On 03/26/2014 05:26 PM, Ross Boylan wrote:
> [Main part is at the bottom]
> On Wed, 2014-03-26 at 19:28 +0100, Andreas SchÃ¤fer wrote:
>> On 09:08 Wed 26 Mar , Ross Boylan wrote:
>>> On Wed, 2014-03-26 at 10:27 +0000, Jeff Squyres (jsquyres) wrote:
>>>> On Mar 26, 2014, at 1:31 AM, Andreas SchÃ¤fer <gentryx_at_[hidden]> wrote:
>>> This seems to restate the premise of my question. Is it meant to lead
>>> to the answer "A process in busy wait blocks other users of the CPU to
>>> the same extent as any other process at 100%"?
> Thanks for confirming.
>>>>>> At any rate, my question is whether, if I have processes that spend most
>>>>>> of their time waiting to receive a message, I can put more of them than
>>>>>> I have physical cores without much slowdown?
>>>>> AFAICS there will always be a certain slowdown. Is there a reason why
>>>>> you would want to oversubscribe your nodes?
>>>> Agreed -- this is not a good idea. It suggests that you should make your existing code more efficient -- perhaps by overlapping communication and computation.
>>> My motivation was to get more work done with a given number of CPUs, and
>>> also to find out how much of burden I was imposing on other users.
>>> My application consists of processes that have different roles. Some of
>>> the roles don't have much to do (they play important roles, but don't do
>>> much computation). My hope was that I could add them on without
>>> imposing much of a burden.
>> If you have a complex workflow with varying computational loads, then
>> you might want to take a look at runtime systems which allow you to
>> express this directly through their API, e.g. HPX. HPX has proven to
>> run with high efficiency on a wide range of architectures, and with a
>> multitude of different workloads.
> Thanks for the pointer.
>>> Second, we do not operate in a batch queuing environment
>> Why not fix that?
> I'm not the sysadmin, though I'm involved in the group that sets policy.
> At one point we were using Sun's grid engine, but I don't think it's
> installed now. I'm not sure why.
> We have discussed putting in a batch queuing system and nobody was
> really pushing for it. My impression was (and probably still is) that
> it was more pain than gain. There is hassle not only for the sysadmin
> to set it up (and, I suppose, monitor it), but for users. Personally I
> run a lot of interactive parallel jobs (the interaction is on rank 0
> only). I have the impression that won't work under a batch system,
> though I could be wrong. I also had the impression we'd need to have an
> estimate of how long the job would run when we submit, and we don't
> always know.
But I've never really used such a system, and may not appreciate what it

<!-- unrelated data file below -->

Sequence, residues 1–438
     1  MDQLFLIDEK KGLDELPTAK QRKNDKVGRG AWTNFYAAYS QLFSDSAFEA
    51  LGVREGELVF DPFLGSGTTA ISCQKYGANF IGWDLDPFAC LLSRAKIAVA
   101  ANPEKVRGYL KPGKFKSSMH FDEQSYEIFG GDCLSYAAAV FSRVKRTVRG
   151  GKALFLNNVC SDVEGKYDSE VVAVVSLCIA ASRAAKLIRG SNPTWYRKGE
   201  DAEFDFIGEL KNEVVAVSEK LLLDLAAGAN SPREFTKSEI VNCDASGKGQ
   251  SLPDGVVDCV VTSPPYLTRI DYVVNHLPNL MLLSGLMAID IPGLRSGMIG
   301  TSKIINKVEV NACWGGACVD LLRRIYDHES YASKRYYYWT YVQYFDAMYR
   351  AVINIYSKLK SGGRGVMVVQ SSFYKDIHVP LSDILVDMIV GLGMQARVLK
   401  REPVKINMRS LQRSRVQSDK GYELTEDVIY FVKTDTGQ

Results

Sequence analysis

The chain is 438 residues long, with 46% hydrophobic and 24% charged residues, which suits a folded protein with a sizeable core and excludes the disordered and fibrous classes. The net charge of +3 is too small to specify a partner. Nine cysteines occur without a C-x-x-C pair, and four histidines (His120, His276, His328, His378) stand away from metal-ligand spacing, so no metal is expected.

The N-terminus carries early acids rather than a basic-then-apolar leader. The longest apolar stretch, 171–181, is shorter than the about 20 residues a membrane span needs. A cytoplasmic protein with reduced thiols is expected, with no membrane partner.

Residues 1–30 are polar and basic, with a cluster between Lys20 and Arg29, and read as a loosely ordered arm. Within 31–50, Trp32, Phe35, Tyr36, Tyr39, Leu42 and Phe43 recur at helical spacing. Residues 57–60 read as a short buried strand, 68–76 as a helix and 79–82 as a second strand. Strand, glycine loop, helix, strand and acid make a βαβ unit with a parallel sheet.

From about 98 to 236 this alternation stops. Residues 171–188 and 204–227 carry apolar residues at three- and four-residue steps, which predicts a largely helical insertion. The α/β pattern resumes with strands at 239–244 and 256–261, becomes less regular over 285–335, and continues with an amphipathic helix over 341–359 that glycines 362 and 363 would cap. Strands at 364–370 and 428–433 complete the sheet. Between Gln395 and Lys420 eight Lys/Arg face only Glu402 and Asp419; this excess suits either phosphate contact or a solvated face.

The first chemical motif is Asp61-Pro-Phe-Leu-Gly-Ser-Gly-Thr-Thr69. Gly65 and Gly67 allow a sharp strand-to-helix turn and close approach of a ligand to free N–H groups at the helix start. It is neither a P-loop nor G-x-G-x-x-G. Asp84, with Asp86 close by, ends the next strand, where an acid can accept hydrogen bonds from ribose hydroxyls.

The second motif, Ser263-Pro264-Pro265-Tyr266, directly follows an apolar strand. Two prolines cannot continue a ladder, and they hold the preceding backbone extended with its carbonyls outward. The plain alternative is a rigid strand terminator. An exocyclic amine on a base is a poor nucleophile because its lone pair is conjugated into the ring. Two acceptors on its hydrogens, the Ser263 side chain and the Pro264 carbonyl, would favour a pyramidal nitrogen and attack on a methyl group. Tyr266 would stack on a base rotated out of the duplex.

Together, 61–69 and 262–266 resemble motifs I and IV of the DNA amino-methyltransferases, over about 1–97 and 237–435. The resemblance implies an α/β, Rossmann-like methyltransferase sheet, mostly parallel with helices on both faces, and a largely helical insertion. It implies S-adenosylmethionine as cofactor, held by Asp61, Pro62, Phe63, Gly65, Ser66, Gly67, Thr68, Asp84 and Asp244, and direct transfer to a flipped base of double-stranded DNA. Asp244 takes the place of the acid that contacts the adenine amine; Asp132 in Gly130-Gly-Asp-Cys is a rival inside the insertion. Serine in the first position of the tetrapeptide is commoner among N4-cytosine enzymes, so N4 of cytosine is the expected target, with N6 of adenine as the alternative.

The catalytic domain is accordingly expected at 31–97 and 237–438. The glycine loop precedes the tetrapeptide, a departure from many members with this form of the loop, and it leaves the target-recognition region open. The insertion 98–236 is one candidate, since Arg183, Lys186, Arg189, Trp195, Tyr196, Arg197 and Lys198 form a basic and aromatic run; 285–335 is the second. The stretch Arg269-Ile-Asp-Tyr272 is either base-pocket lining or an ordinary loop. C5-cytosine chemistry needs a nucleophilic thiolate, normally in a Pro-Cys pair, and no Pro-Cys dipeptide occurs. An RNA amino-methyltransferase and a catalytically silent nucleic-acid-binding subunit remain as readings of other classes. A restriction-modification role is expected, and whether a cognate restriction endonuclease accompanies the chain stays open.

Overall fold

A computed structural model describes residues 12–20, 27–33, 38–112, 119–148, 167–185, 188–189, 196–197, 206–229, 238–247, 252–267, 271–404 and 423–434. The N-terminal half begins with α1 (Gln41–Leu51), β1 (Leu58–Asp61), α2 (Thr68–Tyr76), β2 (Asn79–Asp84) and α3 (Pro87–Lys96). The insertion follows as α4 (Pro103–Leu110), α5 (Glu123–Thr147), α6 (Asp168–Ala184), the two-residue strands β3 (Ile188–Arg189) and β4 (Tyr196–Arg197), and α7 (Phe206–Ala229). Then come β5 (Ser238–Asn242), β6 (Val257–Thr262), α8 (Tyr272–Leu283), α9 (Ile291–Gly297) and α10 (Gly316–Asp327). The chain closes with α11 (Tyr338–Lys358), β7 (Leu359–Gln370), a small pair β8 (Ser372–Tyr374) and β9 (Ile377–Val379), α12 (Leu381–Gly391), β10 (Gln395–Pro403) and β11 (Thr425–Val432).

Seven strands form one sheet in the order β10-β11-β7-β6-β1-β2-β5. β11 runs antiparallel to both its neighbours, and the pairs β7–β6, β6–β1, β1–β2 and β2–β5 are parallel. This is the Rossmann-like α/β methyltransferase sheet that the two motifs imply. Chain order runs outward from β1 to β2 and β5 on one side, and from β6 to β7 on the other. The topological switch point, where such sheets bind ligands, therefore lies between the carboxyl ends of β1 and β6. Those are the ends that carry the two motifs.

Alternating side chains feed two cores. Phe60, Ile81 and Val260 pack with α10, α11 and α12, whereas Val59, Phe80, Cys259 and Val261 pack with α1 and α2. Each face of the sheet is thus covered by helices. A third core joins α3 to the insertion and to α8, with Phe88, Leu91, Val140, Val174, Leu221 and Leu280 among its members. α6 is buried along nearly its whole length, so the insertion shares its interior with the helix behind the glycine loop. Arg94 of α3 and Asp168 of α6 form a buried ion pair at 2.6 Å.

would get us. The other reason we haven't bothered is that the load on
the cluster was relatively light and contention was low. That is less
and less true, which probably starts tipping the balance toward a
This is wandering off topic, but if you or anyone else could say more
about why you regard the absence of a queuing system as a problem that
should be fixed, I'd love to hear it.
(I don't know of any cons.)
Torque+Maui, SGE/OGE, and Slurm are free.
There are commercial products as well.
Installation and initial configuration may take some effort,
but after that it is mostly peace of mind, and occasional tuning to the
You can build OpenMPI integrated to them (no need for a hostfile to
OpenMPI will use whatever nodes the queue system gave you).
If you build the queue system with cpuset control, a node can be shared
among several jobs, but the cpus/cores will be assigned specifically
to each job's processes, so that nobody steps on each other toes.
(There is similar control over the memory used per job as well.)
Queue systems won't allow resources to be oversubscribed.
As it is now, what else but courtesy and a great deal of coordination
would guarantee that you and your colleagues won't launch
several computationally demanding jobs on the same node, using the same
cpus, perhaps using more memory than the available RAM,
maybe forcing the system to swap to disk, and ruining performance?
I've been to an organization that didn't want to use a queue system,
and where people would have to go knocking on doors
to ask things like: "Would you please release nodes 01 to 32?
You have processes leftover from a dead job running on them for a week,
taking 100% CPU, and there are no nodes available."
The queue system avoids that, it has courtesy and coordination built in,
so to speak.
You can configure the queue system from very simple to quite complex
resource use policies, with queues for specific types of jobs, etc.
You can start with single queue and a first-in-first-out job policy,
then make it more complex as the workload increases.
Queue systems do support interactive jobs (even with X-windows GUIs, if
You submit the interactive job, the queue system puts you in
a free node, and you work normally there.
I hope this helps,